MMN Exclusive Interview with Pitcher Randy Fontanez; A Rising Star With A Quality Arm

By David Conde

October 7, 2013 3 Comments


Randy Fontanez3

When looking at the successful teams around Major League Baseball, the one key element that stands out, is how good is their pitching staff. Pitching is key to any organization looking to not only be competitive during the season, but to be competitive every single year. And a successful organization doesn’t just have good pitchers on the major league club, they also have good pitchers within their minor league system. Quality pitching wins games, great pitching wins championships and when you have your farm system filled with good young arms, the future just continues to be filled with hope.  That is the key to long lasting winning, having the right tools to compliment the big club.

The Mets, just recently, have shown to have some real good arms in their farm system. Just this season the fans were able to witness the promotion of Zack Wheeler and watched his development into a real good pitcher.   And there are a few good men waiting for their opportunity on the farm to show that they also belong.

One of these soon to be stars is relief pitcher Randy Fontanez, who along with many other pitchers in the Mets minor league system, has a bright future ahead of him. Randy was signed by the Mets in the 27th round of the 2011 Amateur Draft out of the University of South Florida. USF is where Randy made his mark as a dominate pitcher. On March 26, 2010, he threw the third no-hitter in the University of South Florida’s baseball history against Notre Dame, and he recorded a career-high with 12 strikeouts and earned his first victory of the season.

After he was signed by the Mets, Randy was sent to Brooklyn where in 12 games, seven of which he started, he posted a 1-2 record,  a 2.82 ERA, 26 strike outs in 38.1 innings of work.  In 2012, he remained in extended spring training  and was sent to St. Lucie where he pitched in one game and recorded 3 shutout innings.  Randy was then sent back to extended spring training, until he was called up by Savannah.  Randy pitched in 28 games with Savannah, started only one and was 3-4, a 4.90 ERA, with 57 strikeouts in 60.2 innings. In 2013, Randy was promoted to St. Lucie and in 45 games, all in relief, he was 9-7, a 3.41 ERA, 1 save, and 83 strike outs in 60.2 innings.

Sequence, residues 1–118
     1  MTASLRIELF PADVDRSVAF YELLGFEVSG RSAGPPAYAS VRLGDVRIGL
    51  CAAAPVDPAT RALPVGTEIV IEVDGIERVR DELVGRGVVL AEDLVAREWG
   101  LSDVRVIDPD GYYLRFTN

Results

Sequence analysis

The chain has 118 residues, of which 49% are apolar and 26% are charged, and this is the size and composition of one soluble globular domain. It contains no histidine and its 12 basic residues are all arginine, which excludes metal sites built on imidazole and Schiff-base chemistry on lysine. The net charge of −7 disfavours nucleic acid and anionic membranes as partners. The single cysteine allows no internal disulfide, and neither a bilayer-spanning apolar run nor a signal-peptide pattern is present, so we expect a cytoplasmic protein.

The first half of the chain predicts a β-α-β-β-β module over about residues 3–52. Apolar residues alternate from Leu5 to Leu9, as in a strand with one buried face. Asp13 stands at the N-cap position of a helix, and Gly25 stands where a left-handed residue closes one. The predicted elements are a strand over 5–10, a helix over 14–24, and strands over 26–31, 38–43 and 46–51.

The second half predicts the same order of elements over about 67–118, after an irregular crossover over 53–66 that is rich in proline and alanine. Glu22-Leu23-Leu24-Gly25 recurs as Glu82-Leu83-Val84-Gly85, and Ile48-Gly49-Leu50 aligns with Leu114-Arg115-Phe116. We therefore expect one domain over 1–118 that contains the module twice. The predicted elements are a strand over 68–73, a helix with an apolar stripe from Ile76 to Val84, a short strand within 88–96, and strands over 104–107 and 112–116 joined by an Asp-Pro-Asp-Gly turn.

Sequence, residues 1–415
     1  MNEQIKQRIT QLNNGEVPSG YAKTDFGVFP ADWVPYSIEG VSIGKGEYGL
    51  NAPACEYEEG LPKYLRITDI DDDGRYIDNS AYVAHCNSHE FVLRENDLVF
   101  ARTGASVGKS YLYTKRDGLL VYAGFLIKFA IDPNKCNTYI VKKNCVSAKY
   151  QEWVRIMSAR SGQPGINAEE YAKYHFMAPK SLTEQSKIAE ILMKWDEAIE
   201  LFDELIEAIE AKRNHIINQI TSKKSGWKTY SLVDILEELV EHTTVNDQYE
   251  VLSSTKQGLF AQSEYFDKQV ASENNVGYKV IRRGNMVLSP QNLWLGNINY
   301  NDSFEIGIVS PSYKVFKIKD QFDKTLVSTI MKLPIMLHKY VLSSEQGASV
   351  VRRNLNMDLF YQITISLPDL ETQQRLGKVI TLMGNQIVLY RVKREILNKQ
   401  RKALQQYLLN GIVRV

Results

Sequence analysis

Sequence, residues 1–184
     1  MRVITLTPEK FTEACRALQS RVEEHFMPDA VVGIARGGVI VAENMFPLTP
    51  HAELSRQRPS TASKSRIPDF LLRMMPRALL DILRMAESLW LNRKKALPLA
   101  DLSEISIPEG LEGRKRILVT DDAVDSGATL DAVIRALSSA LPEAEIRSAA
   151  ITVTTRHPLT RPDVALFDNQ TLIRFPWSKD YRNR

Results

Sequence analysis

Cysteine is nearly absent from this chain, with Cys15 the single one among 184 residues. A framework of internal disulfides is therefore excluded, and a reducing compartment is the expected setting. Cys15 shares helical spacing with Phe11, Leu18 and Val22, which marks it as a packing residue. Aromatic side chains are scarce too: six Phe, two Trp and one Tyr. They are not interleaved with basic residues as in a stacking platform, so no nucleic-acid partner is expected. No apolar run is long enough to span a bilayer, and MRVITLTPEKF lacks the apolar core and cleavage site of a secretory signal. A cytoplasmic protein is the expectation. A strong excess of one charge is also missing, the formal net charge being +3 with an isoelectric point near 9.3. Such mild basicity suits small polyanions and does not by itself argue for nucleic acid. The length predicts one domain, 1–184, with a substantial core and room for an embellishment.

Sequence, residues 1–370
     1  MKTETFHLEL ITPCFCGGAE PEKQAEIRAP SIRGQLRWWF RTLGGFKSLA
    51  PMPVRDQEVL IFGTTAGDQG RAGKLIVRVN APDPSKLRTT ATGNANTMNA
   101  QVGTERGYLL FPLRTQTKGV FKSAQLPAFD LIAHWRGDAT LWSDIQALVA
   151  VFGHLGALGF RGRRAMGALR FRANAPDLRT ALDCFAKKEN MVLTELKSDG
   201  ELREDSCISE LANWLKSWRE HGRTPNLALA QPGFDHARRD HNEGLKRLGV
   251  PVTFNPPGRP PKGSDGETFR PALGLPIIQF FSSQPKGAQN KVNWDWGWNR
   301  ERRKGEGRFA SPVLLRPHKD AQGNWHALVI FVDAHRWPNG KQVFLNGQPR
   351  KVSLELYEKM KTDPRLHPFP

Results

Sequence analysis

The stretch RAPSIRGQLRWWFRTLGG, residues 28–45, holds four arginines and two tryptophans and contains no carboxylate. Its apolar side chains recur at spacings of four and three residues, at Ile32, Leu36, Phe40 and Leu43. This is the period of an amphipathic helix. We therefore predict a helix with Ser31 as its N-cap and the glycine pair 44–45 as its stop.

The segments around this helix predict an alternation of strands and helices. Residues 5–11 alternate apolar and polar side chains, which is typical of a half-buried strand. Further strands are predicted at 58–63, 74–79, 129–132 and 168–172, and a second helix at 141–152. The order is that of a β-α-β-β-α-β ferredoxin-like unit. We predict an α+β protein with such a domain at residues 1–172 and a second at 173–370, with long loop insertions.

Prior to joining the St. Lucie Mets, Randy participated in the 2013 World Baseball Classic and played with The Puerto Rican National Team. In 4 games he had a 3.86 ERA and was part of a talented group of players mixed with some Major League stars that went all the way to the Classic Championship, and even though they lost to the Dominican Republic, the team battled and made it further than anyone thought they would.

Playing in the Classic gave Randy the experience he needed to be able to compete against major league hitting.  Going back to the minors to continue his development, will only enhance his abilities, but the Mets have a gem at their finger tips and the hope is that they utilize him to the best of their ability. As a fan, I am excited about what I see in Randy and the opportunity he has before him to reach Citi Field and be of great use. The journey in the minors is not easy, but when you have been able to embrace the many challenges, the future begins to get even brighter.

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David – Is there something that you would like to share with the Mets fans that they do not already know about you? Your interests, hobbies outside of baseball?

Randy - Outside of baseball I am a television series addict finishing complete series in one days time. Out of the 50 series that I have watched my favorite three would have to be Dexter, Entourage, and Breaking Bad.

David – Did you have a favorite player growing up and if so, did you model your game after him?

Randy - My favorite player growing up would have to be Omar Vizquel, the Indians shortstop in the 90′s. As a kid I always wanted to be a shortstop and make bare handed plays like he did. My defensive game was always modeled after him as I played shortstop my whole life until college where I became solely a pitcher.

David – You are tied with Notre Dame’s Tom Thorthon and Boston College’s Chris Lambert for the second-most career Pitcher of the Week awards in Big East history with five, how did it feel to achieve that accomplishment?

Randy - I feel quite honored that I am in such a great class of baseball players to receive that many Pitcher of the Week Awards and couldn’t have done it without the great supporting cast from my teammates, coaches, and family backing me.

David – Who was a most influential person for you while playing at the University of South Florida?

Randy - While at the University of South Florida the most influential person would have to be my pitching coach Lazaro Collazo. He was the toughest coach I have ever had pushing me beyond any other person has physically and mentally while maintaining a close relationship with me on and off the field.

David – On the day that you were drafted by the Mets in 2011; where were you when you received the news? Can you describe what was going through your mind and who was the first person you called?

Randy - On the day that I was drafted by the Mets I was at sea world with my family trying to not think about the draft so that I could have a fun peaceful day. In turn the whole day was basically me stressing out anyways. My dad took care of calling everyone I know as well as everyone he knows.

David – In 2011, you played your first pro baseball season with Brooklyn, what was the experience like and how can you compare it to playing in college?

Randy - My first season in Brooklyn was an experience I will never forget. The atmosphere was unlike anything I have ever played in before making it one of my most exciting baseball experiences ever.

David – Which part of your game do you think improved the most from 2012? What part do you feel you need to put more work into?